This amazing, multi-purpose venue, has been created out of a revamp of the former world-famous Halls Ropery. Visit the centre’s galleries, go along when there is a live music or a theatrical performance, visit the on-site museum or relax in it coffee shop.

For those not already in the know, Barton can also boast that it has been home to some rather famous residents!

Ken H Harrison, the artist who drew the famous Beano comic character Desperate Dan lived in the town from 1983 to 2007. Other well-known names include the inventor of the Pitman shorthand method, Isaac Pitman and Chad Varah, who founded the Samaritans.

He was named after St Chad’s Church in the town’s Waterside Road, where his father William Edward Varah was once the vicar.

Then, of course there’s the famous pioneer of infant education, Samuel Wilderspin and you can visit the National Wilderspin School in the town.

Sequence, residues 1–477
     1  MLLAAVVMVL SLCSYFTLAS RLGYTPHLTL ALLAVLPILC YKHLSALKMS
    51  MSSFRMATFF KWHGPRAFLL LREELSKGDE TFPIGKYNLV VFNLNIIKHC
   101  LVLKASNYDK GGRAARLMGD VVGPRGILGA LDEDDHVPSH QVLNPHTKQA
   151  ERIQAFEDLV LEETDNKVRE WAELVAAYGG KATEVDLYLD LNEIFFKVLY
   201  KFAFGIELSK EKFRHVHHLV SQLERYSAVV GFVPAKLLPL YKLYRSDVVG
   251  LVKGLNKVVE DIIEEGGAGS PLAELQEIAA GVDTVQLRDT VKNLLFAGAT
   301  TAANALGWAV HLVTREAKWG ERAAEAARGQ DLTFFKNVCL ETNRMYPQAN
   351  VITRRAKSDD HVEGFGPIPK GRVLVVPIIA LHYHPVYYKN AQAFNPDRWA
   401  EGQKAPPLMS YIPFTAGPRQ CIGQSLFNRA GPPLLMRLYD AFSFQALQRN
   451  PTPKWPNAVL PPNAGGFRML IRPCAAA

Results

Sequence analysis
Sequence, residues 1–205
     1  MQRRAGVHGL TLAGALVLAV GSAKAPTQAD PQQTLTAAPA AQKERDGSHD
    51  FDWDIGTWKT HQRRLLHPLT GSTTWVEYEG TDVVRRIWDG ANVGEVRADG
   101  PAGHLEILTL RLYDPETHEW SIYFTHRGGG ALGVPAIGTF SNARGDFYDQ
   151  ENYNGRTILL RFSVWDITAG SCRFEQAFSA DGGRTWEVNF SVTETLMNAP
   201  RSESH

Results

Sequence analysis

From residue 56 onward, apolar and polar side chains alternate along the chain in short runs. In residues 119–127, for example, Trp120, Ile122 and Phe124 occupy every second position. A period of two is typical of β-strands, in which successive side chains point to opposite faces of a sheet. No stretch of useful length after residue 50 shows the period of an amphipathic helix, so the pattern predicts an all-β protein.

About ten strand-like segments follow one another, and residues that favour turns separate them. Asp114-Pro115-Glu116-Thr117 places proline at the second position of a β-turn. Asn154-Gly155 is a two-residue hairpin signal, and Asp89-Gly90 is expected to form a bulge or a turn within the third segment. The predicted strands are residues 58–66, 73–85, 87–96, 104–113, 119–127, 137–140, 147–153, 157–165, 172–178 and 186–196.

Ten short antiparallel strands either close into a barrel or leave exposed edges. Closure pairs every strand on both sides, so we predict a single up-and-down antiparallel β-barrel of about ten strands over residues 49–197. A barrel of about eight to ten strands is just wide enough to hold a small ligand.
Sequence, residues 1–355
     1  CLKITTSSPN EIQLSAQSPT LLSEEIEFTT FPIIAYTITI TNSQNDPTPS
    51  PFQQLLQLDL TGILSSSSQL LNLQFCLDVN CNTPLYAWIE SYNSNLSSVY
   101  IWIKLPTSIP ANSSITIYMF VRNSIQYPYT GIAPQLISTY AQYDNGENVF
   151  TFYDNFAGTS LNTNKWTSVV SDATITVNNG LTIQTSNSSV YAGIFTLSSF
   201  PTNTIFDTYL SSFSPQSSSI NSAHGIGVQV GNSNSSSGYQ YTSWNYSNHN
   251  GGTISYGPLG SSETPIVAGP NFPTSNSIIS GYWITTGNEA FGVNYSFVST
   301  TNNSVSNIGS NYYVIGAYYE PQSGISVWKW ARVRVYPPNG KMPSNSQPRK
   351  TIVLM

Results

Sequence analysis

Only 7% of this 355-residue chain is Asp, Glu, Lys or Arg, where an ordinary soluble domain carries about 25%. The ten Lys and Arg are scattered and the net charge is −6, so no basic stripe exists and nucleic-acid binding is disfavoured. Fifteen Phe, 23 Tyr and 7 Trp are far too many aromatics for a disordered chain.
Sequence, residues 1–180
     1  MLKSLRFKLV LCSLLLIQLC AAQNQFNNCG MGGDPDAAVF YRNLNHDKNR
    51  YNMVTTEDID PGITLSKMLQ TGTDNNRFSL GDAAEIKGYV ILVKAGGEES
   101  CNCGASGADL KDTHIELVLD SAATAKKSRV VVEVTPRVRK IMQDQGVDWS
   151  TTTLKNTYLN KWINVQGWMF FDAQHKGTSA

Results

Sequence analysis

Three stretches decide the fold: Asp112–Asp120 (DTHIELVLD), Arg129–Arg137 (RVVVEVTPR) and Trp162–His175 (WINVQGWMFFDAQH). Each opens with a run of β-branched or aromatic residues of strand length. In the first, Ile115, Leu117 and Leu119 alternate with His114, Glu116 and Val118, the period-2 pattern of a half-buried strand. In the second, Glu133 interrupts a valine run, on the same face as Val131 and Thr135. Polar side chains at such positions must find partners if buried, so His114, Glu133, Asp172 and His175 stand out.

If you prefer the natural world to the built environment, you can round off your visit to Barton by taking a walk around the Far Ings Nature Reserve or checking out The Water’s Edge Visitor Centre, which is set in an eighty-six-acre country park on the eastern edge of the south bank of the Humber.

BARTON’S NATURE
When the large supplies of clay used by Barton’s brickmakers began to run out in the early twentieth century, many working yards were abandoned.

But one of the good things to come out of that lost industry, is the complex of lakes and reed beds left along the southern bank of the Humber,which now comprises the Far Ings Nature Reserve.

Old clay working yards were left bare and able to fill naturally with freshwater and these now form ideal conditions for wildlife.

Far Ings, which has been managed by the Lincolnshire Wildlife Trust since the 1980s now boasts over 230 species of wildflowers, fifty nesting bird species and a huge collection of invertebrates including more than 250 species of moth.

It has its own visitor and education centre which celebrates the wildlife and unique environment of the Humber Estuary.

It showcases interactive displays and activities about the Humber Estuary and caring for the environment which have been designed to appeal to all ages. This award-winning visitor centre is one of the greenest buildings in the country.